You don't have to be an alcoholic to experience liver damage from alcohol -- a new study in animals suggests that episodes of weekend binge drinking could also lead to liver injury.
Publishing in the journal, Alcoholism: Clinical and Experimental Research, scientists from the University of Missouri School of Medicine found that binge drinking affects the immune functioning, neurological signaling and epigenetic characteristics of the liver of mice used in the study.
And even though these effects on the liver are worse in an individual that is also a chronic alcoholic, they still occur even if the liver isn't chronically exposed to alcohol.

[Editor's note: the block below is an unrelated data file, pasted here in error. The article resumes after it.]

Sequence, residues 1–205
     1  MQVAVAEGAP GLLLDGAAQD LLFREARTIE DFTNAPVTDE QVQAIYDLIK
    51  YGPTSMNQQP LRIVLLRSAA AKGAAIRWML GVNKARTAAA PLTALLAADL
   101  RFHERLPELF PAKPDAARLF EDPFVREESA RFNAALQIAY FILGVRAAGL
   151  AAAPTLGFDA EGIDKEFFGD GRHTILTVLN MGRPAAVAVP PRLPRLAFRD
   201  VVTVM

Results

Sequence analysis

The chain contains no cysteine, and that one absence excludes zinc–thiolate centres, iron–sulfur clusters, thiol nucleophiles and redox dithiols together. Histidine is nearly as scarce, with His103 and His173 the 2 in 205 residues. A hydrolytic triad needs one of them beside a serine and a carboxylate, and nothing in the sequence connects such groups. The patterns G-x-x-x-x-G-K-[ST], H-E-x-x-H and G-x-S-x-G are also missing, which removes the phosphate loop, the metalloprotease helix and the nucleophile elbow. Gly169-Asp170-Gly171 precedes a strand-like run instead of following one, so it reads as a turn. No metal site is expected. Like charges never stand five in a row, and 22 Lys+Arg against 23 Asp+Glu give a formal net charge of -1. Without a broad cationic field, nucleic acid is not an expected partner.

"No longer can we consider chronic alcohol consumption as the only factor in developing alcoholic liver disease," study researcher Shivendra Shukla, Ph.D., a professor at the University of Missouri School of Medicine, said in a statement.
The National Institute on Alcohol Abuse and Alcoholism reports that binge drinking is defined as reaching a blood alcohol concentration level of 0.08 grams of alcohol per deciliter of blood in a two hour time span. For women, that is typically achieved after drinking four alcoholic beverages; for men it's usually about five.
Additional research shows that the liver isn't the only part of the body harmed by binge drinking. A recent study of college students in the Journal of the American College of Cardiology showed that binge drinking is linked with risk factors for heart disease, Everyday Health reported.
And of course, binge drinking dramatically raises a person's risk of alcohol poisoning, which can lead to death, according to the Mayo Clinic.